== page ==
The city is incredibly safe. Violent crime is negligible. Petty crime, such as pick pockets do exist, but you can protect against that. No city is 100% safe, and there are certain immigrant neighborhoods across the canal where you would not want to go at night, but as with most European cities, the threat of violent crime is incredibly low in comparison to cities in the US.

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2. Are there any particular health concerns? What is the quality of available medical care? What medical conditions typically require medical evacuation?

The quality of the health care here is amazing. And inexpensive. Had three friends give birth. One a premie. All raved about their care. I had minor surgery on my toe, which would have cost close to $1,000 in the US. It cost less than $100 here. Dental care can be expensive though if you do not have local insurance.

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3. What is the air quality like at post (good/moderate/bad)? Are there seasonal air quality issues? Does the air quality have an impact on health?

Air quality is good. Pollen can be a problem for allergy sufferers during the season, but other than than not much pollution. Part of the reason for that is the excellent public transit and the extensive bike paths. Make sure you live near a Metro though as the traffic can get clogged. And visit ProVelo on Rue Londre when you arrive to pick up an essential bike map of the city.

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4. What is the overall climate: is it extremely hot or cold, wet or dry, at any time of year, for example?

Summer is only really hot, in the 90s, maybe three weeks. Winter is only really cold maybe the same amount of time. It is rather mild here. The winters can be rather gray. And there is seemingly a constant threat of drizzle, but everyone learns to live with it. The sun comes out more than the city's reputation claims. Unless you are a serious SAD sufferer, you will have no problems with Belgian weather.

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Schools & Children:

1. What is the availability of international schools? What has been your general experience with them, if any?

I do not have school aged children, but working in the CLO office I have heard that ISB is an excellent school. Their academics, after school activities, and sports make for a well rounded eduation. And their campus, in Watermael-Boisfort) is amazing. St Johns has a reputation as being better academically but it is also further out of the city. The American School of Brussels is probably equivalent to an American public school, while the other two are definitely private school material.

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2. What accommodations do schools make for special-needs kids?

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3. Are preschools available? Day care? Are these expensive? What has been your experience with them, if any? Do the schools provide before- and/or after-school care?

No experience, but I have friends who have young children and they find the day care/preschool services in the local communes to be excellent. And inexpensive.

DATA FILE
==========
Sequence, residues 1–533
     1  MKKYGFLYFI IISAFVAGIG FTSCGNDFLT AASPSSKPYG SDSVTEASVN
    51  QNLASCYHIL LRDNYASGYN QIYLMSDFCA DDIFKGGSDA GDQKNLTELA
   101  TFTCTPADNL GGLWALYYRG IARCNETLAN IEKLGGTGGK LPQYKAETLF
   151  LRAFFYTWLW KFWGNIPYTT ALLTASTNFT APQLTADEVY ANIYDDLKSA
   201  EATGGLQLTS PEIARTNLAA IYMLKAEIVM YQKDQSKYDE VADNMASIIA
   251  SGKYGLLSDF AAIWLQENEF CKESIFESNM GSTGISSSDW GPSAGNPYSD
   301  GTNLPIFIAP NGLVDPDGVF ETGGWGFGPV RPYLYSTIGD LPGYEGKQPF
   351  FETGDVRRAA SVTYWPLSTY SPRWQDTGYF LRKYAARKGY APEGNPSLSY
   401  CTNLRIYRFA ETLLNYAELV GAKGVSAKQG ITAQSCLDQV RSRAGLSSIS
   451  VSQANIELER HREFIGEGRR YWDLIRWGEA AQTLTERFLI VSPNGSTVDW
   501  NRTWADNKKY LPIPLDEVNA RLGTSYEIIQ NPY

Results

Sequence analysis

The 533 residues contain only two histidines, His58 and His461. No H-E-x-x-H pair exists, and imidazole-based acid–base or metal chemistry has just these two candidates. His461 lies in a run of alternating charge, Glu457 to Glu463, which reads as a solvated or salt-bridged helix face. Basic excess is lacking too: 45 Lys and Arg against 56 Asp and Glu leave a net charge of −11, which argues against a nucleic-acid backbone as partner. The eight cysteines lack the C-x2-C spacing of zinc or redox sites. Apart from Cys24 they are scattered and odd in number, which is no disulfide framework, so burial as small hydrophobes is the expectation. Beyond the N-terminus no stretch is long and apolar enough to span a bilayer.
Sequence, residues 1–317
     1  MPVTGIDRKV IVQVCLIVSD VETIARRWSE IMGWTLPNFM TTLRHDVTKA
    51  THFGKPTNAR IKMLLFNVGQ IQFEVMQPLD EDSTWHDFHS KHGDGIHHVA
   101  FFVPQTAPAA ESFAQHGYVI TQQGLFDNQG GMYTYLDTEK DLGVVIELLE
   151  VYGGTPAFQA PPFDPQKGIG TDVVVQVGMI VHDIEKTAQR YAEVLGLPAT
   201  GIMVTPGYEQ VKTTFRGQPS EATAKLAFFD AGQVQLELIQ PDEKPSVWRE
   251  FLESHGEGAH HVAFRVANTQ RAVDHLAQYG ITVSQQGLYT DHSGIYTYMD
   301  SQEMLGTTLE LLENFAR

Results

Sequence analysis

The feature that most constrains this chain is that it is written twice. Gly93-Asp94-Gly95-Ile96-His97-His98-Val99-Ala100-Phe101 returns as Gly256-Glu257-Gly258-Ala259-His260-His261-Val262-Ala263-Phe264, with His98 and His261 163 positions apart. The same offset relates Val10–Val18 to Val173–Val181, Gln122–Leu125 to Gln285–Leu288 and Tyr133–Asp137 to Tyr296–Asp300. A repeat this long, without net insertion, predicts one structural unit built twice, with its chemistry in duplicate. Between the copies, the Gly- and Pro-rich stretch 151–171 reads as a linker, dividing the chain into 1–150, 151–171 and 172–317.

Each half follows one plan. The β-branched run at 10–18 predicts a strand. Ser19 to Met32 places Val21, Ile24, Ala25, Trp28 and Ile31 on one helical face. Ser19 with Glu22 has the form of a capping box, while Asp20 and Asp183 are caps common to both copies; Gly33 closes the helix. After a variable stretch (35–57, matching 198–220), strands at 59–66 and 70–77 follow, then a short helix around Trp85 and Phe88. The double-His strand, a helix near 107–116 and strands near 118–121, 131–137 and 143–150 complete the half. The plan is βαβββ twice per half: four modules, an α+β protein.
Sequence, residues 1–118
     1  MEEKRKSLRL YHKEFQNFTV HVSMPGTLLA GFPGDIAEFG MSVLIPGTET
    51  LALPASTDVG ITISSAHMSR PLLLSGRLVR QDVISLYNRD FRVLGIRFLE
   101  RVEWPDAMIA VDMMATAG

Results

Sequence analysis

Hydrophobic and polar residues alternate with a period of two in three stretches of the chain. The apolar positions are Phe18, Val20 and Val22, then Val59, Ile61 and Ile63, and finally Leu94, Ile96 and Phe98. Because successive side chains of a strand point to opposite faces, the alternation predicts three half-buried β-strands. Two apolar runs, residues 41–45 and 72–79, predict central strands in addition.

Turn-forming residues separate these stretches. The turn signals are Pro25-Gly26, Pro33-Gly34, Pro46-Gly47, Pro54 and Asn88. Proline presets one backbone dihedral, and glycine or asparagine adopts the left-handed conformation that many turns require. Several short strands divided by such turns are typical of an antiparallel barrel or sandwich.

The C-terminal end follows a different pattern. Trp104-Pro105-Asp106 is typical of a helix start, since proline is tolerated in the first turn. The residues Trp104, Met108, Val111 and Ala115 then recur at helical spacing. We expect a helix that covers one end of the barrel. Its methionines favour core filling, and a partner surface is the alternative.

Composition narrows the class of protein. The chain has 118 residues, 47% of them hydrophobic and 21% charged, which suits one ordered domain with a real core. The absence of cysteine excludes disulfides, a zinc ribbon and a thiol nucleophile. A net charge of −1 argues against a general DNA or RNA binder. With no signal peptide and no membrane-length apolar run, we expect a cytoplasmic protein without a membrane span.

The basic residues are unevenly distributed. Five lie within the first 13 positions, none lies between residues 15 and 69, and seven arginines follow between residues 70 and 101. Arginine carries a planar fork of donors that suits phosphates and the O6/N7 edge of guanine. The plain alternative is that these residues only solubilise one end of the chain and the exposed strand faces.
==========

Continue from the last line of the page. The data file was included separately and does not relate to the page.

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4. Are local sports classes and/or activities available for kids?

Sports programs for kids galore at the schools, at USAG, and with each commune. If you mean organized sports for high school aged kids, then ISB is the route to go. They even have a US football team.

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Expat Life:

1. What is the relative size of the expatriate community? How would you describe overall morale among expatriates?

GI-NORMOUS. Absolutely immense. Larger even, it seems, than Hong Kong. With the Eu Parliament here, all the ancillary agencies and NGOs, the embassies to the EU, and the embassies to Belgium and NATO you are awash in expats.

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2. Morale among expats:

The overall expat community has a high morale, people love it here. There are lots of clubs and activities. Some members of the US embassy, however, miss being in a tight knit smaller post. There really is no need for the US embassy bubble here, but folks who have become dependent on it, without even realizing they have, miss it while here. You have to make your own community in brussels. It will not be sitting there for you on a platter. But making your own community is EASY. Find something you like doing and do it and you will tons of people to do it with. And it will generally be more than an embassy community. Gave a going away party for a friend, whose husband is with the US embassy, but we were the only embassy folk at the party. There was a German, a Kiwi, someone from Ireland and an American from the general expat community. Brussels is a truly international city. An amazing place to live. Expat heaven.

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3. What are some typical ways to socialize, either with local people or with other expatriates? Are there groups or clubs that you can recommend?

See above. Lots to see and do. Make your own community. From all over the expat world.

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4. Is this a good city for single people? For couples? For families? Why or why not?

This is a great city for EVERYONE. There is always something to do for families, what with cultural festivals, music festivals, the beach nearby, amusements parks around, etc. The list would be voluminous. For singles ... ooh la la ... there is a cornucopia of available expat young professionals in Brussels what with the EU here, all the lobbying groups for the EU, the NGOs, all the embassies to Belgium, all the embassies to the EU, all the embassies to NATO. Brussels is expat central. If you cannot meet someone interesting here ...For couples, there are tons of activities such as restaurants, bars, clubs, other expats, festivals, events, traveling to London, Paris, Amsterdam, and all over Belgium and the rest of Europe, etc etc.